Weekly Wrap Volume 147
While sharks aren’t exactly the ruthless predators most Hollywood features make them out to be (see: Do Sharks Really Not Like How Humans Taste?), they do possess a number of frighteningly efficient mechanisms to assist with aquatic hunting, including ultra-streamlined bodies, high intelligence, the ability to detect electrical fields and minute changes in water pressure, great hearing, incredibly sharp vision, amazing sense of smell (Lemon sharks can even detect tuna oil at a concentration of just one part per 25 million), and the topic of today- many rows of razor sharp teeth, including the ability to rapidly replace them. But are sharks actually able to grow an unlimited number of teeth…(more)
As a child, did you ever skin your knee and fear telling your parents, afraid of your mom breaking out the brown bottle of pain containing hydrogen peroxide to “help heal” your wound? Given the agony it caused, you might have wondered whether the fizzing liquid was actually helping, and why hydrogen peroxide bubbles when it comes in contact with your skin. If you’re still wondering today, well, wonder no more. To begin with, hydrogen peroxide does indeed kill bacteria, viruses, fungi and a whole host of pathogens thanks to the fact that it is…(more)
This Week’s YouTube Videos (Click to Subscribe)
- Why are There Bibles in Hotel Rooms
- The Surprisingly Diverse Pre-Hollywood Career of Jason Statham
- Why Do We Have Grass Lawns
- The Last Public Hanging in the United States
- The Surprisingly Mysterious Life of Famed Artist Bob Ross
- The Timely Death of Kodak Founder George Eastman
- Why Beans Give You Gas
Bonus Quick Facts
- Ever wonder why we call junk messages “spam”? Well, wonder no more. While some have suggested that this was because SPAM (as in the Hormel meat product) is sometimes satirized as “fake meat”, thus spam messages are “fake messages”, this potential origin, while plausible enough on the surface, is not correct based on surviving documented evidence of when the term started being used to mean junk or unsolicited messages. The real origin of the phrase comes from a 1970 Monty Python’s Flying Circus skit. In this skit, all the restaurant’s menu items devolve into SPAM. When the waitress repeats the word SPAM, a group of Vikings in the corner sing “SPAM, SPAM, SPAM, SPAM, SPAM, SPAM, SPAM, SPAM, lovely SPAM! Wonderful SPAM!”, drowning out other conversation, until they are finally told to shut it.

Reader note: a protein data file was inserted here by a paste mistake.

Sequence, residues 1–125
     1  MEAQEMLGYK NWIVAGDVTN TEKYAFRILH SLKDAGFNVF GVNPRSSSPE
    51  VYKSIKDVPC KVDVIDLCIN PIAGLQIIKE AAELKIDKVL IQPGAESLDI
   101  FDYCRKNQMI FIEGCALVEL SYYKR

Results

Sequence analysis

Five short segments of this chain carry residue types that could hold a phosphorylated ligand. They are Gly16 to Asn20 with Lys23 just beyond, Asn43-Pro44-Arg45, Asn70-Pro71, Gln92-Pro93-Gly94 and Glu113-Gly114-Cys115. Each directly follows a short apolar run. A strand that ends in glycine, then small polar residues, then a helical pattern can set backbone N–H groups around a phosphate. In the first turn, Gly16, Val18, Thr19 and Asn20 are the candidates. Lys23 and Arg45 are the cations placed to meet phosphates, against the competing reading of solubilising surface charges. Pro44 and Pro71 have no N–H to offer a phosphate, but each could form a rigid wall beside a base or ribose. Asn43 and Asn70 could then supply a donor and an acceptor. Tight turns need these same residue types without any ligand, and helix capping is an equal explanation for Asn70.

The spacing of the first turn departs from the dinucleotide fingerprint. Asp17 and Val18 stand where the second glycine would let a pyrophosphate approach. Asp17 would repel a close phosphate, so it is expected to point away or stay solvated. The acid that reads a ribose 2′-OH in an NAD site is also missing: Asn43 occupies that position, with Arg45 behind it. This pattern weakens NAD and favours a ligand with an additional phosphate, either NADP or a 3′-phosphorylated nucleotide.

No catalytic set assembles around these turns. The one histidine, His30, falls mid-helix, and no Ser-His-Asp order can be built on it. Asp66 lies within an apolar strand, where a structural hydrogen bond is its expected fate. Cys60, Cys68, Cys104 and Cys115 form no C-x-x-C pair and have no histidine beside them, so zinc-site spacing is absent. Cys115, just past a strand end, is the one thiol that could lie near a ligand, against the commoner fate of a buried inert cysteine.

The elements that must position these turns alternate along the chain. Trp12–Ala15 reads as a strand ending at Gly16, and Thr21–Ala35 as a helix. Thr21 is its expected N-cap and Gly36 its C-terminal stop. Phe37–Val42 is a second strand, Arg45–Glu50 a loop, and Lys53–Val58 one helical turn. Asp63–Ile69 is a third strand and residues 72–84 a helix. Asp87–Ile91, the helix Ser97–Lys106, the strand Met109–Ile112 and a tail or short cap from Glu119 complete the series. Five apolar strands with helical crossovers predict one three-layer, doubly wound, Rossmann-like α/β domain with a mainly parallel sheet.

- Two of history’s most influential figures, Abraham Lincoln and Charles Darwin, were born just hours apart from one another on February 12, 1809, though separated by the Atlantic, with Lincoln born in a one room cabin in Hardin County, Kentucky, and Darwin born in his family’s home in Shrewsbury, England. They also both lost their mothers at a very young age within about a year and a half of one another, Nancy Lincoln dying in 1818 and Susannah Darwin in 1817. While these two titans of history never met, they did share a common view on the institution of slavery, with Darwin noting in a letter in 1861, “Some few, & I am one, even wish to God, though at the loss of millions of lives, that the North would proclaim a crusade against Slavery. In the long run, a million horrid deaths would be amply repaid in the cause of humanity. What wonderful times we live in…. Great God how I should like to see that greatest curse on Earth Slavery abolished.”
- In The Phantom Menace, Qui-Gon Jinn’s communicator is just a Sensor Excel Razor for Women that was slightly modified.
- One individual who had his life changed by Star Wars was James Cameron. You see, a few years after dropping out of community college in 1974, Cameron found himself working as a truck driver. That all changed when he first watched Star Wars in 1977. After seeing it, he decided to quit his day job and see if he could make it in the film industry. A few Oscars and several blockbusters later, we can safely assume he doesn’t regret his decision.